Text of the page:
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November 15, 1999 | ARMANDO ACUNA, TIMES STAFF WRITER
Of all the people to pick a fight with, a feisty, fledgling Latino magazine based in this progressive seaside town chose Goliath--one of Mexico's richest and most powerful families. El Andar, a bilingual quarterly with a circulation of 10,000, big dreams and a tiny staff, published a story in its fall issue accusing the wealthy Hank family of corruption on both sides of the border.
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NEWS
November 15, 1999 | ARMANDO ACUNA, TIMES STAFF WRITER
Of all the people to pick a fight with, a feisty, fledgling Latino magazine based in this progressive seaside town chose Goliath--one of Mexico's richest and most powerful families. El Andar, a bilingual quarterly with a circulation of 10,000, big dreams and a tiny staff, published a story in its fall issue accusing the wealthy Hank family of corruption on both sides of the border.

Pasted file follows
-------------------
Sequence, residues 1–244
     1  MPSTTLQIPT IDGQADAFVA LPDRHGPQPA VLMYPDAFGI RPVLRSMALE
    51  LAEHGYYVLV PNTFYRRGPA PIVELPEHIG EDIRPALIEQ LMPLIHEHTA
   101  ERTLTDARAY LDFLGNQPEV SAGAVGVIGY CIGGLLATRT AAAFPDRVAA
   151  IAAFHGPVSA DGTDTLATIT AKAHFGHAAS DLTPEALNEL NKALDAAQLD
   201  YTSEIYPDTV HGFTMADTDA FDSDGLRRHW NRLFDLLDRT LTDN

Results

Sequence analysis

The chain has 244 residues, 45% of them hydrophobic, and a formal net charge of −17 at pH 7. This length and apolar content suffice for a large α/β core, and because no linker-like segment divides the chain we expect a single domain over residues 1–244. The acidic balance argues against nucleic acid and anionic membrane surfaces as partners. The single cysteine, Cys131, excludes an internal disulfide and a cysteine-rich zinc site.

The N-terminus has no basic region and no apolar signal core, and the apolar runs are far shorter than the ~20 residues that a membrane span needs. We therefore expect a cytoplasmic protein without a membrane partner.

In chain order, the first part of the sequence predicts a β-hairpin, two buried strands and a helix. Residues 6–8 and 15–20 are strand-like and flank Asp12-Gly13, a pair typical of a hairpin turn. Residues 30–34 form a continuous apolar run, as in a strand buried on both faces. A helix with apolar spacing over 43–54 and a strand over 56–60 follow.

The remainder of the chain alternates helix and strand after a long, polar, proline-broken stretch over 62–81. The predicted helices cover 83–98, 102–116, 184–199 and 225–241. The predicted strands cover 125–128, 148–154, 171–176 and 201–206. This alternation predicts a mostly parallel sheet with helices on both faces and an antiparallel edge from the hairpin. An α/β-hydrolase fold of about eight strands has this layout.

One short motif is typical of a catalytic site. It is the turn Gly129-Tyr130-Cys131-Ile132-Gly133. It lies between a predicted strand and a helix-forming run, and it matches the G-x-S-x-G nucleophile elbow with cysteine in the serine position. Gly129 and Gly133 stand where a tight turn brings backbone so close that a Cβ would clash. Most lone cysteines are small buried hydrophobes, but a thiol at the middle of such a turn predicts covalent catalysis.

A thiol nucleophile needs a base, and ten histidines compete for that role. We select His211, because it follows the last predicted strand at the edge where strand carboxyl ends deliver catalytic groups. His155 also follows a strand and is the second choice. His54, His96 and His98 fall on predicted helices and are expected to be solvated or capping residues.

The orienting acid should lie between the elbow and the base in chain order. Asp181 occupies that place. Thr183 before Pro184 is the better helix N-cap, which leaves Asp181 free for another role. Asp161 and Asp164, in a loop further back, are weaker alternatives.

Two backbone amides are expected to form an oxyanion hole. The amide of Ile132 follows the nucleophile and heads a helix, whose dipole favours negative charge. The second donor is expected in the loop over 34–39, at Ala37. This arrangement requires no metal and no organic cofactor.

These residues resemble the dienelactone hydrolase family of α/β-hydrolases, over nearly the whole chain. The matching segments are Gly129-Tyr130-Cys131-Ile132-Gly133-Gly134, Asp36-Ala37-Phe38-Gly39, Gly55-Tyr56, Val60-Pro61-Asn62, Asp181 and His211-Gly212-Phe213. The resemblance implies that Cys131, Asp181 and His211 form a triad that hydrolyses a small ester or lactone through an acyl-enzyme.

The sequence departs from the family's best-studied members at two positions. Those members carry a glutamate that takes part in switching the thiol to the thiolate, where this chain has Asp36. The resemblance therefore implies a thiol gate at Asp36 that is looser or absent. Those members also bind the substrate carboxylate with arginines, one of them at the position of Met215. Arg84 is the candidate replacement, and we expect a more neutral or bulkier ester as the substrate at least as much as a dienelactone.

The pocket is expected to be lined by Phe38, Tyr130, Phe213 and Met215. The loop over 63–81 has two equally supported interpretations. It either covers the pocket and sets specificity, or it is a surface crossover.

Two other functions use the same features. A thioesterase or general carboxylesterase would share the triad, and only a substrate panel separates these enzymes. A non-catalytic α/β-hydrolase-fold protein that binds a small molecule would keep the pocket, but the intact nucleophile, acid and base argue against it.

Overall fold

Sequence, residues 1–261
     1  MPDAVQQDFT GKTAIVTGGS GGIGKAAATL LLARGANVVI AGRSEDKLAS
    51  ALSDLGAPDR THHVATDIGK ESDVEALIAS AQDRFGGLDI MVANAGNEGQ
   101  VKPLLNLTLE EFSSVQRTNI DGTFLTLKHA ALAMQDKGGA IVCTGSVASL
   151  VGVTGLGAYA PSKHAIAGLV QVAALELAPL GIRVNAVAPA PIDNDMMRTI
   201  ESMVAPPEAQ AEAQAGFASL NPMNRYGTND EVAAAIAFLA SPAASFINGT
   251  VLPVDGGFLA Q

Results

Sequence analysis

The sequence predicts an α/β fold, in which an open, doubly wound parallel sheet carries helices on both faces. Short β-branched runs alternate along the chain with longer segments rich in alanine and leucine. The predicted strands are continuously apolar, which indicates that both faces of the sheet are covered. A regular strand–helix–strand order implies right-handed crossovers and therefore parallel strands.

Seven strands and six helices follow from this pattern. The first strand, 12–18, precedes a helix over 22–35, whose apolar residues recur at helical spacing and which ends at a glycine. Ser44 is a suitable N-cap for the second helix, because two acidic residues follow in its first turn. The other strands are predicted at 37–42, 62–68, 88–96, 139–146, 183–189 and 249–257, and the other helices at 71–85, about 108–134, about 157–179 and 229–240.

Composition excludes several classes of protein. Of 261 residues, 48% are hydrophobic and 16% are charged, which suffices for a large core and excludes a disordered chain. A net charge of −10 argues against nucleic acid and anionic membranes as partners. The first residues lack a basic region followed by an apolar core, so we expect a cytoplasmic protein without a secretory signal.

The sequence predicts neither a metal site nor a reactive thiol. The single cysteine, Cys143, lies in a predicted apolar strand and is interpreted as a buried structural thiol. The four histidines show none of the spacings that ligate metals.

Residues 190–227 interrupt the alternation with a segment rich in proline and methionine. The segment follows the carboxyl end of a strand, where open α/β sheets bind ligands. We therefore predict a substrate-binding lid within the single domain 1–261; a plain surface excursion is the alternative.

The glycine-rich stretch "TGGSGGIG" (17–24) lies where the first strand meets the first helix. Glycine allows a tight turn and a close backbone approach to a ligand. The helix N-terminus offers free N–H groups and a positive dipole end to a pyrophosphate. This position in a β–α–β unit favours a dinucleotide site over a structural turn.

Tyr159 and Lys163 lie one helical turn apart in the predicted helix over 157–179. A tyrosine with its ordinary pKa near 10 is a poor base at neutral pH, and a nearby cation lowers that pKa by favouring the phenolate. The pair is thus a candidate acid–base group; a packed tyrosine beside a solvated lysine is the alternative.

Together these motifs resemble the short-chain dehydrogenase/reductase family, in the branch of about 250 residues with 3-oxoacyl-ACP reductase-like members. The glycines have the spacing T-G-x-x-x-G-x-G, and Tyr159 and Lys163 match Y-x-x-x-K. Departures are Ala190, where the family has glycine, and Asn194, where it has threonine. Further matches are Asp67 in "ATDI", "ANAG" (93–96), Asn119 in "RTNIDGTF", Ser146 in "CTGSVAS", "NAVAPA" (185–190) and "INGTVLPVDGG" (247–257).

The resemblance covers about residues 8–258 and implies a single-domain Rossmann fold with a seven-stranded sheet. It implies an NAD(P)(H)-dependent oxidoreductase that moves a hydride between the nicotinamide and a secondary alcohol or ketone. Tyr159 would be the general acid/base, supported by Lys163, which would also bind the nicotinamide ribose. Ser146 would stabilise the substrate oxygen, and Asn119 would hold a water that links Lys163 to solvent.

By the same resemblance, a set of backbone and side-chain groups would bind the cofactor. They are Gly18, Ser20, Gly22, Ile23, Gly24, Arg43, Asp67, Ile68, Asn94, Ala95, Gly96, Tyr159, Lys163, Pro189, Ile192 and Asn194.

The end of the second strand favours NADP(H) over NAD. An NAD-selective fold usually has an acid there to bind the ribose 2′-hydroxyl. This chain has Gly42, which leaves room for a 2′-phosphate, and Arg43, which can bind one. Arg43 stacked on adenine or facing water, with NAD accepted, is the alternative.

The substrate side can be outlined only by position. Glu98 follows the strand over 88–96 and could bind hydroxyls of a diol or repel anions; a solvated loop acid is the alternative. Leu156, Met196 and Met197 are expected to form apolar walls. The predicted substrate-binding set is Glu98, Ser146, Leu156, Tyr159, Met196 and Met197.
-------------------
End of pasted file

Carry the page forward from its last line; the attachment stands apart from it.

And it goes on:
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CALIFORNIA | LOCAL
August 12, 2001 | From Associated Press
Carlos Hank Gonzalez, a flamboyant millionaire and politician who helped shape Mexico's once-dominant PRI party, has died. He was 73. Hank Gonzalez died of cancer Saturday at his ranch in the Mexico City suburb of Santiago Tianguistenco, his family announced. Further details were not immediately available.
NEWS
July 1, 1991 | SARA FRITZ, TIMES STAFF WRITER
As the John H. Sununu travel flap clearly demonstrates, American corporations seeking influence in Washington increasingly are using a currency even more valuable than campaign contributions: the corporate jet. Like White House Chief of Staff Sununu, a number of high-ranking Bush Administration officials and members of Congress often rely on corporate aircraft to ferry them around the country for personal, political or official purposes. They include Commerce Secretary Robert A.
BUSINESS
October 15, 2000 | ESTHER SCHRADER, TIMES STAFF WRITER
WASHINGTON There was scoffing at first, but the proposal by Mexico's president-elect, Vicente Fox, to open the borders and adopt the U.S. dollar throughout North America is getting increasingly serious attention. Fox's ideas have sparked new thought among many in the United States--from economists and demographers to local government officials and business executives--about concepts that had been considered largely unthinkable.
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